ONSITE FORKLIFT PARTS INVENTORY- GOOD OR BAD IDEA?
If you have the space, it could be a money saver.
Onsite forklift parts inventory is an idea worth looking into for companies that are set up to do their own equipment maintenance and/or have a large fleet of equipment that necessitates frequent replacement of forklift parts, or other material handling parts. If you have been thinking about incorporating onsite parts inventory into your business, read on to find out if one of the two key options would work for your business site.
The most common option involves carrying consignment inventory. Consignment inventory is parts inventory that is in the possession of the customer (the onsite business owner), but is still owned by the parts supplier. Essentially, the supplier places some of his inventory in his customer’s possession (in their warehouse) and allows that business to pull as needed directly from this stock. The customer purchases the inventory from the supplier only after he has pulled it for use from his own warehouse. This works out well for businesses that sell a certain brand of forklifts and need to have those parts always readily available, such as Toyota forklift parts, or other specialized parts.
The main benefit to the customer is obvious; he does not have to tie up his capital in inventory. However, he will likely accrue some inventory carrying costs, because he will need to supply and manage a storage area for the parts inventory. Another benefit is the reduction in the customer's downtime, since the necessary forklift parts for repair will be right there, on hand, onsite. That also translates to cost savings for parts usually shipped overnight for down equipment. One of the potential disadvantages is the need to keep the warehouse of consigned forklift parts secure and accurately accounted for. There may necessitate the need for an employee who oversees this area. Typically, companies providing consignment inventories conduct quarterly inspections/inventories so that problems can be detected quickly and potential issues and solutions discussed and implemented. So, there is a shared risk and benefit as the two companies are partners in this particular onsite inventory format.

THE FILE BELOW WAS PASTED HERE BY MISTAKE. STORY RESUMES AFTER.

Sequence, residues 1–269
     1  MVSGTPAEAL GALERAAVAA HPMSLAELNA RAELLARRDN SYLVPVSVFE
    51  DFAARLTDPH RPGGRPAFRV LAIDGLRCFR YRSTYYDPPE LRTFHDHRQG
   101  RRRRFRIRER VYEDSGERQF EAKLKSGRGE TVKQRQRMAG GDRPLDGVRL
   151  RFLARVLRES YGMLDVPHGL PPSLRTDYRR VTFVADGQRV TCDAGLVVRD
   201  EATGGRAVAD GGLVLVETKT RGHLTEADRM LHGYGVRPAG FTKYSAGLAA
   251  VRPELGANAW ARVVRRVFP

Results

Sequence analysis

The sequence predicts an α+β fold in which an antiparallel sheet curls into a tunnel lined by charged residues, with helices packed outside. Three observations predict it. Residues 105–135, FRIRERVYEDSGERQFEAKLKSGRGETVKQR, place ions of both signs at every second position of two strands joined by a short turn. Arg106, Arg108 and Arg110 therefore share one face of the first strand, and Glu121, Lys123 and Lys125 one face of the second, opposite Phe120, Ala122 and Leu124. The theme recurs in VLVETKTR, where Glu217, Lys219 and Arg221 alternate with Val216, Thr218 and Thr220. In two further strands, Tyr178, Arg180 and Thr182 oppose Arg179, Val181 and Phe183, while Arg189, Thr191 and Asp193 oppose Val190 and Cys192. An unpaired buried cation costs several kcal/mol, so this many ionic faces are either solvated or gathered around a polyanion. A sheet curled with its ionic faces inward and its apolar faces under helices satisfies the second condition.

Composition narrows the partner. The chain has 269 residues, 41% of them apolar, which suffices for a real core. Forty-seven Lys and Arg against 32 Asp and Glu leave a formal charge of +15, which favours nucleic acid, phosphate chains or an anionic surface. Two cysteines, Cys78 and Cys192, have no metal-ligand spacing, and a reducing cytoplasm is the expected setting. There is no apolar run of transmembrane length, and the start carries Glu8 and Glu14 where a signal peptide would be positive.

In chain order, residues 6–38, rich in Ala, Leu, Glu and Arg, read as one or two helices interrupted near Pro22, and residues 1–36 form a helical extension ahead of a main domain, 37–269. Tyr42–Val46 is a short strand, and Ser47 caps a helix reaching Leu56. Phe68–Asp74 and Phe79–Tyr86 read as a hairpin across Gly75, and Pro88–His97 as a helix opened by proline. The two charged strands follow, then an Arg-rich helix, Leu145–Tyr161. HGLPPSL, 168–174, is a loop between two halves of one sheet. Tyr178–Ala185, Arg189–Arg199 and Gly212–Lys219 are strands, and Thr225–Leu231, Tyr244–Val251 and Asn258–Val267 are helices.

The second onsite inventory option also involves incorporating a secured area for forklift parts storage but, unlike the consignment option, the business owner would purchase these parts at the time the parts are entered into the storage area. For example, when Toyota forklift parts are needed on the floor, the parts would be pulled out of storage and immediately purchased and receipted. This option has many of the same benefits as consignment inventory: reduced downtime, increased productivity, cost savings due to volume purchases, reduced shipping expenses, etc. An attractive benefit that may make it more suitable than consignment is that the upfront purchase policy eliminates any potential high security concerns. Because this format removes the shared risk with the vendor, the need for onsite vendor-initiated inventory checks are removed or reduced, as inventory management, usage policies, and access are all customer controlled and regulated.
Whichever onsite forklift inventory option you look further into, be sure to obtain answers to the following questions:
- Are both parties clearly understanding and agreeing too the terms?
- What is the time limit (must parts be purchased or returned within specified period)?
- What is the shipping policy?
- What is the return policy?
- Who holds responsibility for damage or loss while in customer’s possession?
- What are the insurance implications?
- Exactly how, when and what data is exchanged?
- How are miscellaneous transactions processed?
- How are cycle count adjustments handled?
- How are customer returns settled (does a return initiate a credit from the supplier)?
- How is scrap addressed?
Finally, it's very important to realize that consignment inventory will almost always add costs to the supply chain. Therefore, you will only want to incorporate that option when you know the benefits will surpass the added costs. That can be determined first by considering what level of importance material handling equipment has in the overall business flow. For many customers, this is related to actual fleet size, seasonality of business, and the average service time for getting down equipment back up and running. You may find that to have your forklift parts, aerial lift parts, payload vehicle parts, etc., readily available for quick installation and repair just might pay for itself over time.